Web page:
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Town Admits Lack of Bell at Blind School a Form of Entertainment

Walnut Grove, Minn.-In a shocking revelation, residents of Walnut Grove admit that the lack of alert system at the blind school provides a source of entertainment. 

“The first time it hit me that it could be fun to sneak up on blind people was that time I dropped Mary off at the blind school in Winoka,” Charles Ingalls admits. “I brought Mary in and Adam was in the middle of teaching a lesson, but he came right over to hug and kiss Mary. He didn’t even know I was there, so of course he behaved like I wasn’t there. Once I spoke, he quickly apologized. When I accepted his apology and said it was alright, I meant it. I really got a buzz from knowing that he didn’t know I was there and wondered what other things I could witness next.”

When the blind school relocated to Walnut Grove, amenities such as ostentatious plaques were added while something as simple as a small bell on the door remained ignored.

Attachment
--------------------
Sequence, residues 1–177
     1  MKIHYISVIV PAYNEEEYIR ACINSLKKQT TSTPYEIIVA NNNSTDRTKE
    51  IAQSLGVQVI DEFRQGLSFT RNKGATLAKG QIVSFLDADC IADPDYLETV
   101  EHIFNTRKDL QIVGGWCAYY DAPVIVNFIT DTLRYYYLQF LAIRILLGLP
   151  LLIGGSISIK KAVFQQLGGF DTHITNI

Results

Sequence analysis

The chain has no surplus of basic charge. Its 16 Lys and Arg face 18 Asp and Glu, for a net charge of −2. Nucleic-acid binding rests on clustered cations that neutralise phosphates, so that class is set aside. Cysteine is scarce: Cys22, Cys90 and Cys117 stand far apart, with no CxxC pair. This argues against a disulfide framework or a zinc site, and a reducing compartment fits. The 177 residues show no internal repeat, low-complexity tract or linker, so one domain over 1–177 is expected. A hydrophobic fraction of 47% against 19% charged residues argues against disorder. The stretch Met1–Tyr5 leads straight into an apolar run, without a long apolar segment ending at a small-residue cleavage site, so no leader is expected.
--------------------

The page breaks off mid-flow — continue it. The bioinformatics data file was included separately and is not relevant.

“I told Harriet I thought a bell could be useful,” Nels Oleson, proprietor of Oleson’s Mercantile and husband of Harriet, benefactor of the blind school. “But there was only so much money we could give at the time, and the plaque Harriet picked was so large, so expensive. I thought maybe a smaller plaque would do, that way we could have both. But Harriet wouldn’t hear of it.”

“It’s really a shame,” Nels added while Charles, who remained within ear shot, shook his head in a jocular manner and laughed.

Caroline Ingalls has also experienced entering the blind school without warning and enjoyed it. “When Charles told me how fun it was, well, I just didn’t believe such a thing could be,” Caroline tells us. “Then I walked in to grab Adam so we could leave for our trip, and he and Mary were having this tender moment that felt pretty private. It was then that I understood what Charles meant. It was pretty fun, and it always leaves me wondering what I’ll walk in on next time I arrive. As long as Hester Sue isn’t around, no one knows when someone walks through that door.”

Residents of the blind school are oblivious to the laughs they provide the town.

“Sure, people have pointed out that a bell could be useful,” Adam Kendall informs The Prairie Review. “It’s just that we have so little money, and what could possibly go wrong? There’s nothing safer than this school, where I am confident that no tragedies will ever take place, even in a town like Walnut Grove.”